and departed.
Krnest Anderson and John
Peterson were found by tho police
Saturday night wandering around
in Iho vicinity of the park, ap
parently in a badly intoxicated
condition, and gave a cash bond
for their appearance this morn
ing, when they appeared in court
and were assessed a lino of $5
and costs, which they paid and
went on their way rejoicing.
A very pleasant birthday party
was given Saturday afternoon
from 2 until 5 o'clock by Mrs. F.
R. Egenborger in honor of the
twelfth birthday anniversary of
Miss Mary Egenborger. Tho lit
tle folks enjoyed themselves as
only young people can, in play
ing games, and at an appropriate
hour a most delicious and tempt
ing two-courso luncheon was
served by tho hostess, assisted by
Miss Anna Egenborger, and at
the close of the afternoon the
guests departed for their homos,
wishing Miss Mary many more
happy birthdays. Tho guests
present were: Misses Ava Hart
ford, Muriel Streight, Elizabeth
Reeson, Eleanor Rurnie, (Trace
Reeson, Nora Livingston, Mary
Rosencrans, LaVern LehnliolT of
Omaha, Marion Mauzy, Helen
Egonberger, Janet I e Weber, Ruth
Clark, Rlanche Clark, Ma Marie
Egonberger and Mary Kutherine
If you need anything for har
vest call on Ed Donat. Ho will
treat you right.
Work to Be Completed as Soon
as Possible, When We Will
Enjoy Better Light
In order that the work of im
provement which is contemplated
by the Nebraska Lighting com
pany can be handled with more
dispatch, Arthur Huntington of
Chicago, the engineer in charge
of the matter of improving the
service, has made his headquar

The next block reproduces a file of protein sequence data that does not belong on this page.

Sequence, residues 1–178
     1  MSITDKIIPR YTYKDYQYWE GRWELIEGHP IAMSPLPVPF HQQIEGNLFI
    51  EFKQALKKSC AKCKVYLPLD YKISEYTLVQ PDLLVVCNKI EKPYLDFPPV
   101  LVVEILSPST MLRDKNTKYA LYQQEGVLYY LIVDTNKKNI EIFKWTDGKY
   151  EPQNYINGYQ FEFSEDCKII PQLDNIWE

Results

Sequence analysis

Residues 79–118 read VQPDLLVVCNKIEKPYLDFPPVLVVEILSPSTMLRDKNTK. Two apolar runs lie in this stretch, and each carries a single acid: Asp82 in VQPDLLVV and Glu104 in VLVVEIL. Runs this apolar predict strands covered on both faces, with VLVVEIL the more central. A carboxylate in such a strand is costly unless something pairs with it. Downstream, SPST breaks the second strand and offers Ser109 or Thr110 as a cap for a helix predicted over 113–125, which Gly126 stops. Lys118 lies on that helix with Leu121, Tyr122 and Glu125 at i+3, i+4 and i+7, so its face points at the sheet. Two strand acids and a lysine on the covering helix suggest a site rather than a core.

ters in this city for the next few
months and will direct the work
of remodeling the entire system
from this city. The work of run
ning the service into this city
from Red Oak, to carry on the
service to the patrons while the
plant here is being placed on a
modern basis, will be hurried and
gotten here in time for fall.
When the light company is able
to get the plant here in its im
proved shape they will be able to
supply service to many of the
nearby towns and put the service
Here in splendid shape and bo able
to handle the plant without as
many mishaps as in the past. The
efforts of the company to supply
good service to the people should
be appreciated by the users of the
electric current, and while the
company has been badly handi
capped in the past by the condi
tion of the plant, with the im
provements to be made it will
make the IMallsmoulh plant fine
of the best in I lie smaller cities
of the slate.
Miss Carrie Creenwald, of the
(ireenwald photograph studio, has
departed for Kansas City, where
she will attend the convention of
the national photographers, which
is to meet in that city during the
coming week. The studio here
will be closed ujitil August 1st.
Miss Creenwald is a firm believer
in modern methods in photo
graphy and has given her custom
ers in this city the benefit of her
excellent training in the splendid
work turned out at her studio,
and in every case those having
work dune there have been more
than satisfied.
The new Nebraska law, regulat
ing the hours of labor for women,
reads as follows:
"Section (5910.
No female
shall bo employed in any manu
facturing, mechanical or mer
cantile establishment, laundry,
hotel or restaurant, office or by
any public service corporation in
this state more than nine hours
during any one day or more than
fifty-four hours in one week. The
hours of each day may be so ar
ranged as to permit tho employ
ment of such female at any time
from (5 o'clock a. m. to 10 o'clock
p. in., but in no case shall such
employment exceed nine hours in
any one day. Provided, however,
that such female shall not be em
ployed between tho hours of 10 p.
in. and 6 a. in.
"Provided, further, that public
service corporations may employ
females between tho hours of 10
p. in. and 6 a. m., but in no event
shall such employment be for